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First Word: Two Rails on a Track

BY CAMERON STRANG CURRENT / ISSUE 58 / OP ED July 15, 2012

Author and pastor Rick Warren tells the story of a remarkable moment that happened to him about a decade ago. In the same year, he got two pieces of life-changing information: His book, The Purpose- Driven Life, had become the top-selling book in the world—bringing him wealth, fame and unprecedented influence. And then, exactly while that was happening, his wife, Kay, was diagnosed with cancer.

Like most of us, Warren had always seen life as a series of ups and downs. You have some good times, then you have some tough times. But having those two things happening at the same time permanently altered his perspective.

“I used to think that life was hills and valleys—you go through a dark time, then you go to the mountaintop, back and forth. I don’t believe that anymore,” he says. “Rather than life being hills and valleys, I believe it’s kind of like two rails on a railroad track, and at all times you have something good and something bad.”

The simultaneous existence of good and hard in our lives is something we all know to be true, but it is so rare to see it talked about vulnerably by leaders.

In our cover story on groundbreaking indie-folk band the Avett Brothers, they tell their fascinating journey of faith, making music and achieving breakout success. And then upright bassist Bob Crawford talks about the struggle and heartache they’re going through right now: His child is currently battling a brain tumor at St. Jude’s.

So while the band is in the midst of releasing a highly aniticipated new album, Crawford is having to do media interviews from the hospital where his child is fighting for her life.

Two rails on a railroad track.

“No matter how good things are in your life, there is always something bad that needs to be worked on,” Warren says. “And no matter how bad things are in your life, there is always something good you can thank God for. You can focus on your purposes, or you can focus on your problems.” And that’s the key: In the midst of either season, what is your focus? For the Avett Brothers, the heartache of illness has brought the band—their families—closer together and closer to God. It’s changed them, and their music, forever.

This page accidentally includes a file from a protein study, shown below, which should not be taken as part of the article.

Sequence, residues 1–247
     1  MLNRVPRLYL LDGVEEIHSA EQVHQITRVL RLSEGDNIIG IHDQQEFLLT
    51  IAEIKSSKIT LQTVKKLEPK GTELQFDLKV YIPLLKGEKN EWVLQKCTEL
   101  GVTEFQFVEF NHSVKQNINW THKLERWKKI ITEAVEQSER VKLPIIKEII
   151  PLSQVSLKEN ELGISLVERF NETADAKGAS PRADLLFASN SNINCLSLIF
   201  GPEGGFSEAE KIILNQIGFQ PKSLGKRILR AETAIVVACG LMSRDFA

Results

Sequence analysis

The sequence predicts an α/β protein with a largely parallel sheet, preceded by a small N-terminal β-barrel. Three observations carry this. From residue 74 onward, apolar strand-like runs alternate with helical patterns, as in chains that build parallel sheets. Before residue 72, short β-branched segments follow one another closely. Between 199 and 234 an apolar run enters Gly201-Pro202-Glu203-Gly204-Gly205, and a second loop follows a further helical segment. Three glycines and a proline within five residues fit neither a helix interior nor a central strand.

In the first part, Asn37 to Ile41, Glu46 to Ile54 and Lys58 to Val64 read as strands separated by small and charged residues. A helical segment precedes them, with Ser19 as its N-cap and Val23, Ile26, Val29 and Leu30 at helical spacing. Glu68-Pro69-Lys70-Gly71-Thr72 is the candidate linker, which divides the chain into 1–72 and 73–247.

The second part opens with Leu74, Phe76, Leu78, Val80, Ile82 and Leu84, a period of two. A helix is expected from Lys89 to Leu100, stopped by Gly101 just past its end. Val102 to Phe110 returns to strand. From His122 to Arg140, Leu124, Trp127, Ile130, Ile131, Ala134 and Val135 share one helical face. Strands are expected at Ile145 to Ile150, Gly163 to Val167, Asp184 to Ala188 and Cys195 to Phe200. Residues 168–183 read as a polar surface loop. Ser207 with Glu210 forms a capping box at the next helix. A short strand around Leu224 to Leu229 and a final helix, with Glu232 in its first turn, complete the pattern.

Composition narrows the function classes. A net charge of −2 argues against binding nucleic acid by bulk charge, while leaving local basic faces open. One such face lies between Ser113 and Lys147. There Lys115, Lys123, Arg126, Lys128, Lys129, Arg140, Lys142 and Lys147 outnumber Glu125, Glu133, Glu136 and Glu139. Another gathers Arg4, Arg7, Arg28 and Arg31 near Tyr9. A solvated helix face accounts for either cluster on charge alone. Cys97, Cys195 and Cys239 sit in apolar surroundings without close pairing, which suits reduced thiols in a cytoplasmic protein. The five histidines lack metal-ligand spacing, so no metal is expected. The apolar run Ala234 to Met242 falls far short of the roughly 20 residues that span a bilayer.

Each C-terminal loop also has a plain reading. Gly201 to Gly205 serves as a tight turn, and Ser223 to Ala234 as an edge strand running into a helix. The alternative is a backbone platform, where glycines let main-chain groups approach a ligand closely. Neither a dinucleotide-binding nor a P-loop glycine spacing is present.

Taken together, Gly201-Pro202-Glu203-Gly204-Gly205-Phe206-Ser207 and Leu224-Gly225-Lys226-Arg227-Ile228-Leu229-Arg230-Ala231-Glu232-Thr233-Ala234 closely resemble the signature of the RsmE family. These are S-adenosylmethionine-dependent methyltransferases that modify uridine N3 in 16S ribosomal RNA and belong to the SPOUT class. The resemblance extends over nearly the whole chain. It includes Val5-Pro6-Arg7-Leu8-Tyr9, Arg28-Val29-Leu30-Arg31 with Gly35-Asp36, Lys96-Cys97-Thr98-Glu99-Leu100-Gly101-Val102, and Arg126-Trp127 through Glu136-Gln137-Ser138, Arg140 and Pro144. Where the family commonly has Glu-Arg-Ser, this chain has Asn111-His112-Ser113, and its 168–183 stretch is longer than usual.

For the Warrens, Kay’s battle brought a perspective to success that grounded the family and forever altered the course of their ministry. (As an update, Kay is in fantastic health today.)

Obviously, the “other track” in the railroad doesn’t have to be something as hard as cancer in your family. We have a Slice on page 12 that mentions the incredibly high unemployment rate for recent college graduates. In one moment, they’re celebrating the triumph of completing college, and in the next they’re stepping into job uncertainty in a terrible economy. (We tackle that on page 62, too.)

Two tracks on a railroad.

Personally, my wife and I have faced a lot of challenges in the last six months as well. While it hasn’t been anything as hard as cancer, it can be easy to get overwhelmed by the circumstances. But in the midst of difficulty, some exciting things are happening in our lives as well. The key is keeping the right focus.

We’ve all been there. We’ve all had the moments where we questioned God and couldn’t see the greater good in the midst of a hard time. And we’ve all come through those periods and looked back—now knowing what was next—and probably see the situation in a totally different way.

The challenge is always trying to live with a hindsight perspective in the foresight position. It’s not because we need to know what the outcome is, but just knowing that God is good and He is in control. He’s our provider. He’s our healer. He’s our comforter. He’s our strength. No matter what life throws at us, He’s what we need.

Life is never as good or as bad as it seems. So the challenge is, no matter what kind of season you’re in, to realign your focus and get it off yourself.

“If you focus on your problems,” Warren says, “you’re going into self-centeredness, which is ‘my problem, my issues, my pain.’ But one of the easiest ways to get rid of pain is to get your focus off yourself and onto God and others.”

Warren has lived this. The Avett Brothers are living this. And we’re all living this, to some degree. Life is a journey full of unexpected turns. Thankfully, there are always two rails to keep us on track.